In our cells, we use cellular respiration for the main purpose of energy. Without cellular respiration, we as people would die. We have two types of cellular respiration, Aerobic and Anaerobic. Aerobic requires oxygen while Anaerobic doesn’t. Aerobic respiration is the one that I think of when it comes to cellular respiration, simply because we breathe. Without oxygen, Aerobic respiration could never occur and we would die. The bodies energy comes from cellular respiration, specifically the mitochondria, which break down glucose using oxygen. Glycolysis is the first step of cellular respiration, it occurs outside of the mitochondria in the cytoplasm of the cell. It is caused by the breakdown of glucose, it creates 2 ATP as well as pyruvate and NADH (which are used in the next step). The next step is the Krebs cycle or the citric acid cycle (really just preference) In the Krebs cycle, the 3 carbon molecule is broken down, releasing 2 co2 as the waste. 2 ATP released While this is occurring, electrons are being added to NADH and FADH for the next step. The next and final step is the electron transport chain, which pretty much takes all of the electrons from the original glucose to be used in the body. The electrons are used to pump the protons (hydrogen molecules) into the membrane space and they are added to the oxygen we breathe (aerobic respiration) as well as the other protons to make water (H2O). This step can produce 32 ATP alone. From all of the steps of Aerobic respiration combined, 36 ATP can be created. Now for Anaerobic respiration, this is normally used during exercise such as running or swimming. The problem that we run into with Aerobic respiration is that in glycolysis, the electrons used go to NAD+ turning it into NADH and the problem is that eventually, we run out of NAD+. Anaerobic respiration solves this problem, but all athletes will know the consequence. Pyruvate can change into lactate, which will accept the extra electrons and allow the cycle to continue. The issue with Lactic acid fermentation is that the acid begins to wear on your muscles, it makes you sore and breathe more heavily. This is because the lactic acid needs to be broken down as carbon dioxide and released when you exhale.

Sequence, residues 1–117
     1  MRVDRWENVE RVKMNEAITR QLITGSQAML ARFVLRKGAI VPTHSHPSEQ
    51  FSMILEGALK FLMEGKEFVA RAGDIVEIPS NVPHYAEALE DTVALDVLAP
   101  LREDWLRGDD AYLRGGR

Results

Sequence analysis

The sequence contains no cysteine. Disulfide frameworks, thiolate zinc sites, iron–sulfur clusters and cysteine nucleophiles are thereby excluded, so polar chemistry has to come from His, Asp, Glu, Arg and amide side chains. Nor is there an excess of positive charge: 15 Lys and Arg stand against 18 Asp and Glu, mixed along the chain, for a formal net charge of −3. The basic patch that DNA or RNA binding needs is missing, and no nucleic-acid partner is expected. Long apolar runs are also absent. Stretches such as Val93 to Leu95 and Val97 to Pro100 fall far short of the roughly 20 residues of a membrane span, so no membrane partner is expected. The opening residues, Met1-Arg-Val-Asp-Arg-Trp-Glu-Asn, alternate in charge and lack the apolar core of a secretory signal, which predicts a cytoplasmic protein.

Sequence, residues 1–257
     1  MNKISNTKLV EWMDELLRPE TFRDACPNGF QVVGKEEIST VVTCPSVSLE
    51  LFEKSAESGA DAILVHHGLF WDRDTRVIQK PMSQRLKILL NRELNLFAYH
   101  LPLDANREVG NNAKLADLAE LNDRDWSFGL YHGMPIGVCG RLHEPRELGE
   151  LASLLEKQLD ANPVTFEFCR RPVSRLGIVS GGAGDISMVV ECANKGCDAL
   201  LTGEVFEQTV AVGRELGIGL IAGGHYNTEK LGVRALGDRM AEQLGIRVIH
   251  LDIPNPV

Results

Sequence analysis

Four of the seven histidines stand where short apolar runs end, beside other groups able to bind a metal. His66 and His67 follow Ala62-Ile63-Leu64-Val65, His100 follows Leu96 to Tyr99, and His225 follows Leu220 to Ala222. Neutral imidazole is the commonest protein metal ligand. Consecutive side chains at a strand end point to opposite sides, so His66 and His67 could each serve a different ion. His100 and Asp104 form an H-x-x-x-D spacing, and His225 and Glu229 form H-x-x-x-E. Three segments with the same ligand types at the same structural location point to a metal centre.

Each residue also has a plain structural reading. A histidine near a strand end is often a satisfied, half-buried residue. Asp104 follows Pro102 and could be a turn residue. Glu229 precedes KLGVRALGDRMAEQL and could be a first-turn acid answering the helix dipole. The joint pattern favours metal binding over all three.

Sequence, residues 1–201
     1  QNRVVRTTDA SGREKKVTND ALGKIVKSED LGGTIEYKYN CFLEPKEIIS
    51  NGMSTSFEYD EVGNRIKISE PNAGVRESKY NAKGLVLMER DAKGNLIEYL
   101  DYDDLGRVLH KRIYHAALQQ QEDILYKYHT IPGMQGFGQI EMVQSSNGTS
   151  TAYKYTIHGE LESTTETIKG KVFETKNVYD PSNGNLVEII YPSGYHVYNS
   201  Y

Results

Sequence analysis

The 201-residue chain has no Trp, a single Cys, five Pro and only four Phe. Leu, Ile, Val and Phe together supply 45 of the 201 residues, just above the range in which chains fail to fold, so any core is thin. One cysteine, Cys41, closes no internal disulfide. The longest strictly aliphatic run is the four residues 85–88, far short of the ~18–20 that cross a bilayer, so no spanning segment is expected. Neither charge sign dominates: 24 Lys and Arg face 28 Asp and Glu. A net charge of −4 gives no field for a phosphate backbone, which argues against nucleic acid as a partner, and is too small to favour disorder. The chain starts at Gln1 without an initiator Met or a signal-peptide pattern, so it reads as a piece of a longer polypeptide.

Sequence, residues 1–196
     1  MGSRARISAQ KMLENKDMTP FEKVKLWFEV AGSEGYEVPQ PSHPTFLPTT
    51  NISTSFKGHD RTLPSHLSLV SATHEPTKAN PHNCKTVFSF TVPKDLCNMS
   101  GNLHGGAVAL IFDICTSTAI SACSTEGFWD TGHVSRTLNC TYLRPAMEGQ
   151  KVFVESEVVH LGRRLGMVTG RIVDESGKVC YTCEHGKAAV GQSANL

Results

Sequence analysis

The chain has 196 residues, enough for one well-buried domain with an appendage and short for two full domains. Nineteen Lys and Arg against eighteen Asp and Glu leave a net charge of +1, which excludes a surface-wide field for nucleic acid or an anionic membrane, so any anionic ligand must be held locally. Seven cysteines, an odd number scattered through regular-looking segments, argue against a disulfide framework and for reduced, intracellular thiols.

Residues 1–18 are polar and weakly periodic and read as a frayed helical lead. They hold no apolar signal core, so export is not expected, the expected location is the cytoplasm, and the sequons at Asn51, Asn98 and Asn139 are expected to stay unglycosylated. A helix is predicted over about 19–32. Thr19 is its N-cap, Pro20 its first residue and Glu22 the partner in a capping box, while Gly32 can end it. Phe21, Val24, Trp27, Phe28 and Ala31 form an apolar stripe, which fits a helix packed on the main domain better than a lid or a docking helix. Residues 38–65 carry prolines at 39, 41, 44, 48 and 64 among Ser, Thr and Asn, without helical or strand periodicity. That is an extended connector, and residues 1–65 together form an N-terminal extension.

2. Chemiosmosis is the movement of ions across a semipermeable membrane, down their electrochemical gradient. Why this is important to us is because in cellular respiration, hydrogen ions need to be able to move across the membrane in order to generate ATP. If there was an issue with this is that if it were to have an issue, the body would stop getting the majority of it’s ATP and die. A real life example could be a disease that doesn’t allow chemiosmosis to occur, and the patient would die unless it was fixed.

3. A facultative anerobe is an organism that makes ATP by aerobic respiration if oxygen is present, and can switch to fermentation or anaerobic respiration if there isn’t oxygen. An obligate anaerobe can’t make ATP in the with oxygen, and die in the presence of oxygen.

4. Oxidation and reduction both have to do with electrons, one is gaining while the other is losing. The Best way to remember this is OIL RIG (Oxidation is losing, Reduction is gaining) In cellular respiration, NAD is being reduced, making it the oxidizing agent. NADH is being oxidized, making it the reducing agent.

Wow that was probably the longest blog that I have ever written and it actually helped me to get a better understanding of Cellular respiration, so although it wasted over an hour of my time, it was beneficial in the long run.

Weekly Response (Jan 9-13)

This week in AP Bio we began working on signaling. We started off with bacteria (may have been last week, I forget), then how insulin effects diabetes, and we finished off with cellular respiration.